* Layer asparagus and roasted vegetables on a crisp pastry for a colorful main-dish salad. Main Giraud describes it as a tart on his spring menu at Lavande in Santa Monica.
Lavande Spring Vegetable Tart
PREP AND COOK TIME: About 2 hours
MAKES: 4 Servings
6 Roma tomatoes (about 1/4 lb. each) 2 heads fennel (each 3 1/2 in. wide) 2 garlic cloves 3 tablespoons olive oil 2 artichokes (3 in. wide) 12 asparagus spears (equal size; about 1 lb. total) 4 frozen puff pastry shells (2/3 of a 10-oz. package), thawed 1 tablespoon balsamic vinegar About 1/4 cup prepared tapenade (olive paste) Salad (recipe follows) Salt and fresh-ground pepper
1. Rinse tomatoes, core, and cut in half lengthwise. Trim off and discard fennel tops, root ends, and any bruised spots. Rinse heads and cut lengthwise into 1/4-inch slices. Peel and chop garlic.
2. Rub 1 tablespoon olive oil over bottom of 10- by 15-inch pan. Sprinkle garlic over half the pan and set tomatoes, cut side down and close together, on garlic. Lay fennel slices in other side of pan and drizzle with 1 tablespoon oil; mix gently with your hands to coat, then spread fennel evenly in half of pan.
3. Bake in a 350 [degrees] oven until tomatoes are shriveled and fennel is translucent, about 1 hour (about 50 minutes in a convection oven). Let cool.
4. Meanwhile, rinse artichokes, drain, and trim discolored ends from stems. Put artichokes in a 4- or 5-quart pan. Add about 3 inches water, cover pan, and bring to a boil over high heat. Reduce heat and simmer until artichoke bottoms are tender when pierced, about 40 minutes.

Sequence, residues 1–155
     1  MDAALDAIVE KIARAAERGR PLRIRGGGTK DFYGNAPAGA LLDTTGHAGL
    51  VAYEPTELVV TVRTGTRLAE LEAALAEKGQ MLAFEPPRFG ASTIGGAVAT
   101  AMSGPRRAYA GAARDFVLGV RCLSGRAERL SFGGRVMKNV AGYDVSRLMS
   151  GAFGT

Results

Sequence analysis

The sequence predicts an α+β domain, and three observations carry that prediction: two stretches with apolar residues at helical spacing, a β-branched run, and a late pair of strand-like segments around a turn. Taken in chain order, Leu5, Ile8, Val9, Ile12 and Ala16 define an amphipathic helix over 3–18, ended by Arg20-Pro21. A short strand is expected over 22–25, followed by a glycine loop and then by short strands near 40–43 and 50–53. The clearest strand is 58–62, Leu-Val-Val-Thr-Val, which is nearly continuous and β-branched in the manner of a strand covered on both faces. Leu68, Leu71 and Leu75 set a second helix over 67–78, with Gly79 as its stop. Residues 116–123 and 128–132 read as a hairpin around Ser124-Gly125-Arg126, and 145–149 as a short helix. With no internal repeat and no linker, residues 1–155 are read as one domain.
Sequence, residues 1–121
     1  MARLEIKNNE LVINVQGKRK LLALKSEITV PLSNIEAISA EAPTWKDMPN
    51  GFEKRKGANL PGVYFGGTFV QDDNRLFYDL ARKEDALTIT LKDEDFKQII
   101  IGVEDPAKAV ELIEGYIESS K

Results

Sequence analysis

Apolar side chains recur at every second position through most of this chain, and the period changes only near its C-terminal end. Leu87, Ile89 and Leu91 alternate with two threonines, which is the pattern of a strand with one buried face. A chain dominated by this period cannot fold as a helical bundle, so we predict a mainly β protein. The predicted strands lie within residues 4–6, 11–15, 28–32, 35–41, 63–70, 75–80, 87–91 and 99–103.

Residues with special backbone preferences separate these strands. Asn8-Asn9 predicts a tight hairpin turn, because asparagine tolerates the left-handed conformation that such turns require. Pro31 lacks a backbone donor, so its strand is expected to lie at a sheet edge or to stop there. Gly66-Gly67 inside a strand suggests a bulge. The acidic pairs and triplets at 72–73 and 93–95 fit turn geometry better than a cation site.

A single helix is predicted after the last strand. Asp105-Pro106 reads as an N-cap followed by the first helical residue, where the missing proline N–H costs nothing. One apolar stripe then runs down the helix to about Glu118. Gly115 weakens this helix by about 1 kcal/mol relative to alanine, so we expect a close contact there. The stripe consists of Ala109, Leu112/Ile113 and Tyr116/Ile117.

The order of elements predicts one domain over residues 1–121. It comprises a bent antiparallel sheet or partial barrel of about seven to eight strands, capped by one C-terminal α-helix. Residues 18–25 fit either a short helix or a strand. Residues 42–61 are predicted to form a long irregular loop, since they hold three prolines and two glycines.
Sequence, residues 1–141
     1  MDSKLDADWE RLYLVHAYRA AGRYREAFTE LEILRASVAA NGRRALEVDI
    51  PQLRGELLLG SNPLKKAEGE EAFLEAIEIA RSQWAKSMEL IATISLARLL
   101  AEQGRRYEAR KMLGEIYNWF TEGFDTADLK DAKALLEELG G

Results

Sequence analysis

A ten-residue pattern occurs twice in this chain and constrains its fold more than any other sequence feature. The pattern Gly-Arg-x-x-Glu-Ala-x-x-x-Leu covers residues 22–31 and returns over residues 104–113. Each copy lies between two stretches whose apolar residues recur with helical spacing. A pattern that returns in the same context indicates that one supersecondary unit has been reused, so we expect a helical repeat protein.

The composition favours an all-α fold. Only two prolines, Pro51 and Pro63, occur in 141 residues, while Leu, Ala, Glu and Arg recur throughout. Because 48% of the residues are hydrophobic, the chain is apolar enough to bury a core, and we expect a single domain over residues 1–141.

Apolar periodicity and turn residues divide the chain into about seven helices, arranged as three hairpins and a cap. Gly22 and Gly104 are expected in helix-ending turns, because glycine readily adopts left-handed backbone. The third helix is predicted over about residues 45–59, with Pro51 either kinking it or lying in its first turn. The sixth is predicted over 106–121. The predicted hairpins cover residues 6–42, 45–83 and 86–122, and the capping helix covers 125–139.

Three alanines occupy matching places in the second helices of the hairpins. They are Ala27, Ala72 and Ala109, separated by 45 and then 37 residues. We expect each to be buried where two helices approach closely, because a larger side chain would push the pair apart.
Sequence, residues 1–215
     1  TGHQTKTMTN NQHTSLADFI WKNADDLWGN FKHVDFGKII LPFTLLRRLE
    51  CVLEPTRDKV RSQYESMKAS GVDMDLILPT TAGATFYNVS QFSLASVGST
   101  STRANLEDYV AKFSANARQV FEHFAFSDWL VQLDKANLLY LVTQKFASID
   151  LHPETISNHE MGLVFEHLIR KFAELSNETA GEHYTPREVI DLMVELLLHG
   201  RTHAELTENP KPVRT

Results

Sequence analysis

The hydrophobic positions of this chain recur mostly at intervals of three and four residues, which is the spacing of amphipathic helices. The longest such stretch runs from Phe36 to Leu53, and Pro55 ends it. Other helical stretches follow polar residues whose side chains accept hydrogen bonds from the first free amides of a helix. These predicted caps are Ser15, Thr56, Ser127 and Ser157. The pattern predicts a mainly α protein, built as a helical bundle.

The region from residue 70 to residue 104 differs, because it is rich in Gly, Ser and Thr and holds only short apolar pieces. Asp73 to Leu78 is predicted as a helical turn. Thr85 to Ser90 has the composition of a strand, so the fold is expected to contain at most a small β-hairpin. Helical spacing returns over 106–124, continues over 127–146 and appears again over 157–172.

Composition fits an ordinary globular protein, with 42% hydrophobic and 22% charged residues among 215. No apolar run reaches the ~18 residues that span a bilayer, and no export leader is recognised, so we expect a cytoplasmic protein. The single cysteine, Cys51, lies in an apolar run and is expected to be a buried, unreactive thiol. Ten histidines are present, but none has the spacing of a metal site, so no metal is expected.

5. Snap off and discard tough ends of asparagus. Rinse spears. Lift artichokes from pan and let cool. Add asparagus to water and turn heat to high. Cook, uncovered, until spears are tender-crisp when pierced, about 3 minutes. Drain and immerse at once in ice water until cold, about 2 minutes; drain again.
6. On a lightly floured board, roll each puff pastry shell into a 6- to 7-inch-wide round. Set rounds side by side on a 12-by 15-inch baking sheet; set another pan of the same size on top of the pastries.
7. Bake pastries in a 350 [degrees] oven until well browned (lift top pan to check), 25 to 30 minutes (about 25 minutes in a convection oven).
8. As pastries bake, break leaves from artichokes and reserve for other uses. Scoop out and discard fuzzy centers from artichoke bottoms; also trim any coarse fibers from artichoke stems. Cut bottoms vertically into 1/8- to 1/4-inch-thick slices. In a bowl, mix with 1 tablespoon olive oil and vinegar.
9. Spread each warm pastry lightly with tapenade and set on a plate. Top each with 3 tomato halves and equal portions of fennel (don’t wash pan; set aside), artichoke bottoms, and asparagus.
10. Top vegetables with equal portions of green salad (including dressing). Add salt and pepper to taste.
Per serving: 595 cal., 62% (369 cal.) from fat; 13 g protein; 41 g fat (5.1 g sat.); 49 g carbo (9.3 g fiber); 792 mg sodium; 0 mg chol.